The Leader of the House of Commons is a member of the Cabinet of the United Kingdom who is responsible for arranging government business in the House of Commons. Although at one time the position was usually held by the Prime Minister, in recent years, the post has usually been combined with that of Lord President of the Council (i.e., of the Privy Council); from 2003 it has been combined instead with the office of Lord Privy Seal.
The House of Commons devotes approximately three quarters of its time to Government business, such as bills introduced by the government and ministerial statements. The Leader of the House, with the parties' chief whips ("the usual channels"), is responsible for organising the government business and providing time for non-government business to be put before the House, and announces the next week's schedule in the Business Statement each Thursday.
When there is no Deputy Prime Minister, or the Deputy Prime Minister is unavailable, the Leader of the House may stand in for an absent Prime Minister at Prime Minister's Questions.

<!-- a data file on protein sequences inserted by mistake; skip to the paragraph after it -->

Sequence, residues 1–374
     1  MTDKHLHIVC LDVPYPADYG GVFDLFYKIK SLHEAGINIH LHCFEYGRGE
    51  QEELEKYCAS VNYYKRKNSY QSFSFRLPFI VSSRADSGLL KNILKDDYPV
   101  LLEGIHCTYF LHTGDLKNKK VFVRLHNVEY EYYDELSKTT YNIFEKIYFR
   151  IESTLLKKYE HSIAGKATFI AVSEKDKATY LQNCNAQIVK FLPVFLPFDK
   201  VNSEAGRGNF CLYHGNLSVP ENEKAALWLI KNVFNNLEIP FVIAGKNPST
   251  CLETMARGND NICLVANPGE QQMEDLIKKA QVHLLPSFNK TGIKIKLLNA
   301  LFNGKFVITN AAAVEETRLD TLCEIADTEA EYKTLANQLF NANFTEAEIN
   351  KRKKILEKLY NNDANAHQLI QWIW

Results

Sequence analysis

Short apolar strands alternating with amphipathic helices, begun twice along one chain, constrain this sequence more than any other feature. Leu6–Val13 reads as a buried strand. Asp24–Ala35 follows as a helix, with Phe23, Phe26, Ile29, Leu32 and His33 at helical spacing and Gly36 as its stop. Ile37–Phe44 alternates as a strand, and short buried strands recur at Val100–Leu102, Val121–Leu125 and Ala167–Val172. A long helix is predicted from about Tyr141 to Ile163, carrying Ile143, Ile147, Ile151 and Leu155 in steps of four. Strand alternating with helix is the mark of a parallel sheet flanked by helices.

Jointly administered by the Office of the Leader of the House of Commons and the Cabinet Office are the Osmotherly Rules, which set out guidance on how civil servants should respond to parliamentary select committees.
Read more about Leader Of The House Of Commons: Leaders of The House of Commons Since 1721
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“To be a leader of men one must turn ones back on men.”
—Havelock Ellis (18591939)
“I am really sorry to see my countrymen trouble themselves about politics. If men were wise, the most arbitrary princes could not hurt them. If they are not wise, the freest government is compelled to be a tyranny. Princes appear to me to be fools. Houses of Commons & Houses of Lords appear to me to be fools; they seem to me to be something else besides human life.”
—William Blake (17571827)
“The intelligent employer encourages challenge, questioningnot blind acceptance and our Leader knows best acclaim.”
—Mary Barnett Gilson (1877?)
“The House of Lords is the British Outer Mongolia for retired politicians.”
—Tony Benn (b. 1925)